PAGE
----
If you want, draw an object (preferably symmetrical)  that touches the sides and cut it out.  Great ideas for this could be the shape of a bell, an angel, a tree, or, as in my cuts below, a star and a snowman.
 
 
Below are a couple more interesting cuts.  Feel free to print any of these photos to help you get started.  I'm not worried about my snowflakes getting copied. 
 
 
 I thought I'd end with my attempt at a menorah (above).  It was too small a circle to be cut effectively, but you get the idea!  Happy Chanukah!

Oh - one more thing (there's always something else, isn't there?).  You may notice from my demo photos that I am left-handed.   I struggled with cutting as a child, and my mom got me paper dolls to encourage me to cut more.  (And of course I designed all my own clothes for them.)  My point is, don't give up on your lefty students, and please, reconsider those lefty scissors.  It is, sadly for us lefties, a right-handed world, from the soup ladle (we have to pour out of them backwards) to the  hand mixer and the iron (the cord comes from the wrong side), we need to adapt.  Leftie scissors didn't exist when I was a kid, and frankly, I'm still not sure they should.  There's some weird flaw about the way we hold leftie scissors; they just don't cut as well.  If you can get your lefties to cut with their right hand, they'll be better off.  After all, they will use the computer mouse with the right, shift their car with their right, and cut their meat with their right hand, so why not also use a scissors right-handed?   Plus, if we lefties ever find ourselves without the use of our left hand (due to injury, stroke, etc), we generally will function better with our right hand that a right-handed person will do with their left.  We lefties are very ambidextrous!  Left on!!!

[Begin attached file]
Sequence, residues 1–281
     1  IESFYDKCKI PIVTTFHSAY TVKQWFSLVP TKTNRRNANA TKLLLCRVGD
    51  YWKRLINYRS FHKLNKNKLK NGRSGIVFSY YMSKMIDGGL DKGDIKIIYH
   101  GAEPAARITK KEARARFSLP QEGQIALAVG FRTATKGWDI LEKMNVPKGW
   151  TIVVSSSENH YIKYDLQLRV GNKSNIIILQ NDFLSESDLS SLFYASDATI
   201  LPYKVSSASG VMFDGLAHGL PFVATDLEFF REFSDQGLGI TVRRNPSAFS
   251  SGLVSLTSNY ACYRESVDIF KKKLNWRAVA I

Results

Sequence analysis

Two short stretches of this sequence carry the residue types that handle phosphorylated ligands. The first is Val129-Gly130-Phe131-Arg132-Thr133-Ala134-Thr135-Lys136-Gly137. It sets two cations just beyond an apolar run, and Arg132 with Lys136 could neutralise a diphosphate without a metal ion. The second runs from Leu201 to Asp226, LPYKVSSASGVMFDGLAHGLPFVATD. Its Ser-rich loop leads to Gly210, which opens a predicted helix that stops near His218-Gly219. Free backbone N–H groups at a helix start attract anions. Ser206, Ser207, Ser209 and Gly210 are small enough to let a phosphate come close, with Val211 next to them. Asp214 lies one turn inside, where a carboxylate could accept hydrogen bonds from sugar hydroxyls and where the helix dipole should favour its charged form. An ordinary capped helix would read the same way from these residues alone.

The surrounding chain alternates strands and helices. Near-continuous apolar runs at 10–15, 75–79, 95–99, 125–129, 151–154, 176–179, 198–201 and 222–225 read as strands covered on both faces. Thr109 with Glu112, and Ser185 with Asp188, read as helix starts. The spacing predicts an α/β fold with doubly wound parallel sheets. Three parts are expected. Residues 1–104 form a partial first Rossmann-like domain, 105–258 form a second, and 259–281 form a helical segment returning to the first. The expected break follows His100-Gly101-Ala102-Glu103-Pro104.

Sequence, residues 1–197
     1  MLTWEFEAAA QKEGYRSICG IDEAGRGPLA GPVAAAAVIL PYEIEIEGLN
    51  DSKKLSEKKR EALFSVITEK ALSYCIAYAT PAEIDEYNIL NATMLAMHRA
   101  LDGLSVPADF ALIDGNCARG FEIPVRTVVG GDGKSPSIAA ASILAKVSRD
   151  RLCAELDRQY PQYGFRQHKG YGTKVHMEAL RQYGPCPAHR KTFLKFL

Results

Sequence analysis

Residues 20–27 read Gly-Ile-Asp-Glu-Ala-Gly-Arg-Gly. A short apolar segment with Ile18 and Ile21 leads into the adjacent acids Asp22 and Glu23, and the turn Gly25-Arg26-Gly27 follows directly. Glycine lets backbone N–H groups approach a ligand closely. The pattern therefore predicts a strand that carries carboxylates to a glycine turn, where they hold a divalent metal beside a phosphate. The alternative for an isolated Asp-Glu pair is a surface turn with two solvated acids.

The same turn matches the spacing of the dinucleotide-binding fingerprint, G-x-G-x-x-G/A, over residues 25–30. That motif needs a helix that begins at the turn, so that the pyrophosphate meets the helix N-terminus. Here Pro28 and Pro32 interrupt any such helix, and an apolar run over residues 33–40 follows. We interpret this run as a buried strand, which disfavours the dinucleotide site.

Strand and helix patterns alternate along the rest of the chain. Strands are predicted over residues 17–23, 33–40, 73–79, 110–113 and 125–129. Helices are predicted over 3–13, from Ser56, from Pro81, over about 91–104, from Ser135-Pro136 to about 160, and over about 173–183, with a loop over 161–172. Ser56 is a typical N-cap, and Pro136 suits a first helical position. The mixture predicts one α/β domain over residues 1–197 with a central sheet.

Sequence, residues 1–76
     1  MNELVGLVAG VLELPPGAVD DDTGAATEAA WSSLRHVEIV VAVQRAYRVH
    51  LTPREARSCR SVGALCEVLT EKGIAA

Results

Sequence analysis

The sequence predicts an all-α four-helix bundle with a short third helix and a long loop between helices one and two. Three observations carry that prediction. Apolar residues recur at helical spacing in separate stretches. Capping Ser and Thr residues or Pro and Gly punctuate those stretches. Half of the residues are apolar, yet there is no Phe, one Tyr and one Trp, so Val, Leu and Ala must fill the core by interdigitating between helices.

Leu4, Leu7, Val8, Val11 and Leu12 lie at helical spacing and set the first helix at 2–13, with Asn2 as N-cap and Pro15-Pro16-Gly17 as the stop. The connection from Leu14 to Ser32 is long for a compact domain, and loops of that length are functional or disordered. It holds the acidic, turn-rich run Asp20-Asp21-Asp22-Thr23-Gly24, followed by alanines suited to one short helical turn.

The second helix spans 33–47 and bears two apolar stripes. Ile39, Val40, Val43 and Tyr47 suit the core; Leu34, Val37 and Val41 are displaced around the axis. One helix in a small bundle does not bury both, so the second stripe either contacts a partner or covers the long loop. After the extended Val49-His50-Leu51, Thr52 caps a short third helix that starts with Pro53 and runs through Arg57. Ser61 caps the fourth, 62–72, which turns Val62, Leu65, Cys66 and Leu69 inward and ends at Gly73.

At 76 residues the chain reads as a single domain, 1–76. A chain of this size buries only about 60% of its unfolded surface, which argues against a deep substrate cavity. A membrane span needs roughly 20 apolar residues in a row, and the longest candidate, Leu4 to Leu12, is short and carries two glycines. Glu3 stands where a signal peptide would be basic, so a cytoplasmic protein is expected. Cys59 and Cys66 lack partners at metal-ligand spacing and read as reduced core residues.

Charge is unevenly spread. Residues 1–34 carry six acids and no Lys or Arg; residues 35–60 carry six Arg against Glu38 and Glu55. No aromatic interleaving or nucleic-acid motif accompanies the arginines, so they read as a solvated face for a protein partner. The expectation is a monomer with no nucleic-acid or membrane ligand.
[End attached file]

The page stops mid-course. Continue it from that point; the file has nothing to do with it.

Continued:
28 comments:

  1. These are awesome! Great pointers! I was thinking of doing a snowflake project with my kindergartners since they seem a little more advanced this years with scissors. I was going to use coffee filters instead of paper since I'm thinking those may be easier to cut...what do you think?

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    1. Oh my, I've never done snowflakes with kindergarten,and I don't think I would, at least not using my snowflake instructions. But I do think coffee filters are worth a shot if you are working with older kids. I haven't ever tried it. I think they'd be nice and strong, but I'm not sure if they will hold a crisp fold, and because of their 'mushy' texture might be a little harder to get intricate cuts.

      But I have done symmetrical cutting with the kinders - just with paper folded in 1/2. Do you think they'll be able to keep the paper folded and cut through multiple layers for snowflakes? Anyhow, if you try it, write back and let us all know if it was a success! Maybe I don't have enough confidence in the wee ones?

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    2. I have done snowflakes with young children; I just cut and folded all of the circles ahead of time. It took a lot of time, but it was worth it. Also, if the students draw before they cut, it will be easier for them. I.e., if you draw a triangle on the left, draw a triangle on the right. I still think that kindergarten is a little young, but maybe not 1st or 2nd.

      Also, I did recently post about 8-pointed snowflakes....but they were abstract artistic ones, not real ones (http://missyoungsartroom.blogspot.com/2012/12/reverse-snowflakes.html). I had a good reason to use a square paper on that one! And, it was just a time filler, not a real lesson. You are going to see some beautiful six-pointed snowflakes from my 4th graders in a week or two!